When good interfaces go crufty

When good interfaces go crufty

In Vernor Vinge’s sci-fi novel A fire upon the deep, he presents the idea of “software archeology”. Vinge’s future has software engineers spending large amounts of time digging through layers of decades-old code in a computer system — like layers of dirt and rubbish in real-world archeology — to find out how, or why, something works.

So far, in 2002, this problem isn’t so bad. We call such electronic garbage “cruft”, and promise to get rid of it someday. But it’s not really important right now, we tell ourselves, because computers keep getting faster, and we haven’t quite got to the point where single programs are too large for highly coordinated teams to understand.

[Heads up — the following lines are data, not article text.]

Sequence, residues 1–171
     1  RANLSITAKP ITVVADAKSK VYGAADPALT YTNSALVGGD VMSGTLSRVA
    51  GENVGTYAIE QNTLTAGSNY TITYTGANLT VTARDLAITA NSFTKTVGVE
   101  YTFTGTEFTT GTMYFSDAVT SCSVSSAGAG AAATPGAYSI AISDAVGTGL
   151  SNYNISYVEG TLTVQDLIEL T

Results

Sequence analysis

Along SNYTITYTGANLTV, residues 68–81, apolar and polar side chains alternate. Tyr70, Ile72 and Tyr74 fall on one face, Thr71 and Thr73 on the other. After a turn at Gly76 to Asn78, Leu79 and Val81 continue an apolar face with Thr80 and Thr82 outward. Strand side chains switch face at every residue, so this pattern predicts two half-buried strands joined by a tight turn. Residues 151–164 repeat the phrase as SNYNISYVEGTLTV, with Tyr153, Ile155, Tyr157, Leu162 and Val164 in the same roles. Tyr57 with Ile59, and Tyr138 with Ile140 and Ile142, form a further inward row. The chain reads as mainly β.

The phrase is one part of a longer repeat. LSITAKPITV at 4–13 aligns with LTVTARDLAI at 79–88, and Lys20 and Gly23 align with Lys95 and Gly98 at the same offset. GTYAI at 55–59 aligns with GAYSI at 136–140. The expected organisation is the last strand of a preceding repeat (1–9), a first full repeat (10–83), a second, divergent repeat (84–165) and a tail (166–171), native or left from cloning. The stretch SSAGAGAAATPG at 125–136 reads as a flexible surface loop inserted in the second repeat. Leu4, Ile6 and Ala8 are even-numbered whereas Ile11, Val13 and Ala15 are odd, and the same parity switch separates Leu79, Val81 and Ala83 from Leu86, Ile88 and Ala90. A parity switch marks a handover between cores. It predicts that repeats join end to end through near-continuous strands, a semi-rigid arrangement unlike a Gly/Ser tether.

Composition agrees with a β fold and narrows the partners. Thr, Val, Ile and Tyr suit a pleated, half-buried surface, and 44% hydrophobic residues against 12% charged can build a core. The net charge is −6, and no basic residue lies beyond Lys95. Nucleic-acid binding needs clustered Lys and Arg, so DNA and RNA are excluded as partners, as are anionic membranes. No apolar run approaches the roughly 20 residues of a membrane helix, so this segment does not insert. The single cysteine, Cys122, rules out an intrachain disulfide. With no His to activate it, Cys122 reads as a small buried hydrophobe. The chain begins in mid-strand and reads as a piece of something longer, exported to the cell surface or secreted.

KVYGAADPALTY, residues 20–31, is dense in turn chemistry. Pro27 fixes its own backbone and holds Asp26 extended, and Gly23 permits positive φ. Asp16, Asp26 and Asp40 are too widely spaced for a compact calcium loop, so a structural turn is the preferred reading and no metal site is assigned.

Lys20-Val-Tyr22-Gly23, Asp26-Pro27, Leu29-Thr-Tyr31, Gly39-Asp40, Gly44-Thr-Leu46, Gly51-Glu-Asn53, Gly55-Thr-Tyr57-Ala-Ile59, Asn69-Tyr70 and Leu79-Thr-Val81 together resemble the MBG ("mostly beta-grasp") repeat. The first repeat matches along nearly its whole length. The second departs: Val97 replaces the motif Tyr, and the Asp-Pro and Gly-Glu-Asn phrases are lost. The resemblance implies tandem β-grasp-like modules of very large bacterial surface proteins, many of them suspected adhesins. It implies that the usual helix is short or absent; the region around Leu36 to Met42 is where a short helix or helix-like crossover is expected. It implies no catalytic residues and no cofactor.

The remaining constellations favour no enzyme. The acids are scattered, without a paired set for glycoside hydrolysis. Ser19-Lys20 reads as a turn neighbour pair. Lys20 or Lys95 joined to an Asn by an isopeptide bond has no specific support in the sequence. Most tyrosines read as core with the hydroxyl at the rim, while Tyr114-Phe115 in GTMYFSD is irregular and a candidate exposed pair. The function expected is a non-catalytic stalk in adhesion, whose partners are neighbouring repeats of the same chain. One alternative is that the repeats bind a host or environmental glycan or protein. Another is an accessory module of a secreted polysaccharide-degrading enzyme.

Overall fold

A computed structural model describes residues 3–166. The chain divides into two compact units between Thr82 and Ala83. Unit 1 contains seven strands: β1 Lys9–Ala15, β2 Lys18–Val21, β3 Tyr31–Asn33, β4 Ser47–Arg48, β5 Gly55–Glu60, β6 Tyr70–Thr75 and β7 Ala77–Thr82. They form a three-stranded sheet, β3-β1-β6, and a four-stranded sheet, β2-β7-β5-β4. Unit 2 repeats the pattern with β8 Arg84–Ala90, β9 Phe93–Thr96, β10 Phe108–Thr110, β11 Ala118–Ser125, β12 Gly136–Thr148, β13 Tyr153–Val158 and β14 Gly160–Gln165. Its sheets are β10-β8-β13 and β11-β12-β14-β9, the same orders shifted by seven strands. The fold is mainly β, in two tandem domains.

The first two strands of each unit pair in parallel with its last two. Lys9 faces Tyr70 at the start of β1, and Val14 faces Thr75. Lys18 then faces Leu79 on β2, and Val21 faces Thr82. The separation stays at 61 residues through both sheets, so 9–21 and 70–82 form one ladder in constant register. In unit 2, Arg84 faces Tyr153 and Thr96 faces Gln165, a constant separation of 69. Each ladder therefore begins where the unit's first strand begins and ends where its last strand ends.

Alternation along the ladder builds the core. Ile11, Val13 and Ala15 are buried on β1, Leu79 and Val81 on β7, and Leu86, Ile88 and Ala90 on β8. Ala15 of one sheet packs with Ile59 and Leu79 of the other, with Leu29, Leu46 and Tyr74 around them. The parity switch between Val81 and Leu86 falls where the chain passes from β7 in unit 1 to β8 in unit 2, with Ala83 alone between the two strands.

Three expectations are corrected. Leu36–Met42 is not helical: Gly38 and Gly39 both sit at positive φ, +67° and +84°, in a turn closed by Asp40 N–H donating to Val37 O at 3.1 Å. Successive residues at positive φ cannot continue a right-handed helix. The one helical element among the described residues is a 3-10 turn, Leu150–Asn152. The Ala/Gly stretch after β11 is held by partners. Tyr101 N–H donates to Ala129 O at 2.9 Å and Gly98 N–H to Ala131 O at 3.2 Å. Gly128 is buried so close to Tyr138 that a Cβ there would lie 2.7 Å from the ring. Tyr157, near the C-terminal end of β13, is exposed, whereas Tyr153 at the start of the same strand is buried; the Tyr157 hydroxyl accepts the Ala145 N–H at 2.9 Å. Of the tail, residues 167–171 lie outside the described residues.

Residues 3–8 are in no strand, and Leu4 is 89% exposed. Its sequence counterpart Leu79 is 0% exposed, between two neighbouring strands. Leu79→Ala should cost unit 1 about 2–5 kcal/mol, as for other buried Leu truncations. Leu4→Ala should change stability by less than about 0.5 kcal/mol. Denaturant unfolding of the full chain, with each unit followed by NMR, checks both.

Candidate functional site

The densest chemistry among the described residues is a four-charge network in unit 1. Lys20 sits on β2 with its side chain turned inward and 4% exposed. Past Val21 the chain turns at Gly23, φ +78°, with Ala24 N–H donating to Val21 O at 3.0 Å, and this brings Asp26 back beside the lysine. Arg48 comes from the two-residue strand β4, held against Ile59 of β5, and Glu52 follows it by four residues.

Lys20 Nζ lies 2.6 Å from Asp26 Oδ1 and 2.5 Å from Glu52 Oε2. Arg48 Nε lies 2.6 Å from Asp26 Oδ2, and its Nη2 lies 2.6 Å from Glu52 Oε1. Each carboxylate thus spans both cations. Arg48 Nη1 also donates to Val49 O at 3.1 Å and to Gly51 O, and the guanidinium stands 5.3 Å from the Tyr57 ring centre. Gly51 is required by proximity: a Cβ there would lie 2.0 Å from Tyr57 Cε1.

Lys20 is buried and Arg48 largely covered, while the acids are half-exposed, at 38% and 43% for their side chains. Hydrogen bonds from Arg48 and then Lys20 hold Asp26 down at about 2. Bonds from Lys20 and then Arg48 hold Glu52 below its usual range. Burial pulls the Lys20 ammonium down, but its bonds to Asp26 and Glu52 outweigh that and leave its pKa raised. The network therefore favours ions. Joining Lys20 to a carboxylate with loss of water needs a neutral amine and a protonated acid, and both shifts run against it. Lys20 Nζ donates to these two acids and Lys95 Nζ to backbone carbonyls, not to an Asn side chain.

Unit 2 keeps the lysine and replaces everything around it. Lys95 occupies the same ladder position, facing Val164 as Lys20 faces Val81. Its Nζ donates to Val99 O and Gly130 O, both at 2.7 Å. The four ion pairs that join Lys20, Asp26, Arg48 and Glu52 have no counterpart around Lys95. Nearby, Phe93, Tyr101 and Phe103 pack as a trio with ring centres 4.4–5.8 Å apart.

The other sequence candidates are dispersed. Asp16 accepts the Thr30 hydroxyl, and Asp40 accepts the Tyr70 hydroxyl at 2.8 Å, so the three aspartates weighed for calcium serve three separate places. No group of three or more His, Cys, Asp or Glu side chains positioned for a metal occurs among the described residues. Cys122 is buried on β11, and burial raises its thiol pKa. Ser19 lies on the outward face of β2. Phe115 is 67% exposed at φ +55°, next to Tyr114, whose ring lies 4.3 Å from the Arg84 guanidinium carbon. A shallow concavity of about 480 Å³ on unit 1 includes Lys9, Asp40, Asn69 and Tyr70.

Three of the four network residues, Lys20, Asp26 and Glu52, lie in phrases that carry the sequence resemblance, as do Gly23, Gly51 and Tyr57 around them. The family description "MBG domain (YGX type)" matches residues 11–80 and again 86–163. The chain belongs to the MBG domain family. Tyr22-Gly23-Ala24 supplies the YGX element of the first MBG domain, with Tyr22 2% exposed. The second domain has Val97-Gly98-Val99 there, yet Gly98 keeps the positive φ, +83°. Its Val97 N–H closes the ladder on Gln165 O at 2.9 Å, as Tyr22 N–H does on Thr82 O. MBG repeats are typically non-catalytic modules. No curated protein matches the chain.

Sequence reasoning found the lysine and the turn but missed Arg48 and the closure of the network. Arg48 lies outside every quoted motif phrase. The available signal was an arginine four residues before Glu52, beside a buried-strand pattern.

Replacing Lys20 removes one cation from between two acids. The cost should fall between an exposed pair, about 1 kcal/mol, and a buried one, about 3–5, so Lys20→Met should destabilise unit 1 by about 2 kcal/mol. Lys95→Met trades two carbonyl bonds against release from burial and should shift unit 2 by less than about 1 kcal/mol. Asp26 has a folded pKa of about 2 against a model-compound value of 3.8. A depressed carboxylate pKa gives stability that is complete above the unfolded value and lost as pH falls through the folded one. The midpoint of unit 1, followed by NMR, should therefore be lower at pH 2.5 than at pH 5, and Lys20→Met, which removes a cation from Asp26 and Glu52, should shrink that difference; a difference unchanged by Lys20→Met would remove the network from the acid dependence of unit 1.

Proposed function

But what if cruft makes its way into the human-computer interface? Then you have problems, because human brains aren’t getting noticably faster. (At least, not in the time period we’re concerned with here.) So the more cruft there is in an interface, the more difficult it will be to use.

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